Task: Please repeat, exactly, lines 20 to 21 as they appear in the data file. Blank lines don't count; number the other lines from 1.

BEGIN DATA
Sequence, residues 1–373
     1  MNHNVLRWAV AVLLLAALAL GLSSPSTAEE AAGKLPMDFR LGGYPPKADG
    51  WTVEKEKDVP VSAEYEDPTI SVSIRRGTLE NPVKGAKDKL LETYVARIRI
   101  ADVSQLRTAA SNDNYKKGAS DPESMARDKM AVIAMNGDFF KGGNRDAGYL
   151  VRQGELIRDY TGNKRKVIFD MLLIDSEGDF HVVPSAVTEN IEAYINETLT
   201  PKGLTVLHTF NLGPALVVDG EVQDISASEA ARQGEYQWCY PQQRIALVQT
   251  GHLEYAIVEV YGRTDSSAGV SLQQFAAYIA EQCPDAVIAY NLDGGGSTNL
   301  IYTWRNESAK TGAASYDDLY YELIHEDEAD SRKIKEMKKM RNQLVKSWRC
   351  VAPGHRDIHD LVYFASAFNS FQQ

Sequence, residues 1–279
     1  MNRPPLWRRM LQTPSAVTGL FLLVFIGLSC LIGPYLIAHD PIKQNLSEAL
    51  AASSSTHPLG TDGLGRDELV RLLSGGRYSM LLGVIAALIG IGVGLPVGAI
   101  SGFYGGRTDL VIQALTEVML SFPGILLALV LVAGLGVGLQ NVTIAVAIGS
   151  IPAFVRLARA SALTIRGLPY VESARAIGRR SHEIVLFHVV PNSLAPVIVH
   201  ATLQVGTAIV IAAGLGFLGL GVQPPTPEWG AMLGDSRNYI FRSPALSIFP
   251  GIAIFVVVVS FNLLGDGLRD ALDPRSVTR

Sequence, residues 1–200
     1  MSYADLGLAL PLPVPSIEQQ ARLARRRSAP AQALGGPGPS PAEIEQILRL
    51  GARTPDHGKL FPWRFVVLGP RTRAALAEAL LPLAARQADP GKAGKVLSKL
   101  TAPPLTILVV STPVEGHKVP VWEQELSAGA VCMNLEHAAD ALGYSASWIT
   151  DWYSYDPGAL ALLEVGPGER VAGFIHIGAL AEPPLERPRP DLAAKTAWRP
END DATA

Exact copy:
   101  TAPPLTILVV STPVEGHKVP VWEQELSAGA VCMNLEHAAD ALGYSASWIT
   151  DWYSYDPGAL ALLEVGPGER VAGFIHIGAL AEPPLERPRP DLAAKTAWRP